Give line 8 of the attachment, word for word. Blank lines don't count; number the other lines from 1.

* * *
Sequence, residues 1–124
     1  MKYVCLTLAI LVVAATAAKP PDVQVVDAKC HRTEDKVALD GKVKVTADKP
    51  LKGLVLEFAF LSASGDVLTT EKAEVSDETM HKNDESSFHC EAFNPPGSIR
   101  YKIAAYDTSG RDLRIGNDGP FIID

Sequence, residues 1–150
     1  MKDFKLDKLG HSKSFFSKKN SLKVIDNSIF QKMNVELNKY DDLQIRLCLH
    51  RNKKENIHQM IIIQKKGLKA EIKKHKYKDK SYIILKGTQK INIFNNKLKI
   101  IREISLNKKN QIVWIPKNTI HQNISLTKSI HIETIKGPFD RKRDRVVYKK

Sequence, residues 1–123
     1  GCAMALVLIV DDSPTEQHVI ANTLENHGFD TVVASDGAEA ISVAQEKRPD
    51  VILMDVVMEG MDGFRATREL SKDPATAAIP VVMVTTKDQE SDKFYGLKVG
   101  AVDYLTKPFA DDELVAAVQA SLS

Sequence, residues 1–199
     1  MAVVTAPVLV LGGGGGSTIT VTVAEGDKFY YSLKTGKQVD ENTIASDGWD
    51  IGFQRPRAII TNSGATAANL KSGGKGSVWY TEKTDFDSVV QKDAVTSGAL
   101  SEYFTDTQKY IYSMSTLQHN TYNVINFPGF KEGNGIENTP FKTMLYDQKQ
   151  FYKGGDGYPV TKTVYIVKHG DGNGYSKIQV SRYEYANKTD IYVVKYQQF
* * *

   101  IREISLNKKN QIVWIPKNTI HQNISLTKSI HIETIKGPFD RKRDRVVYKK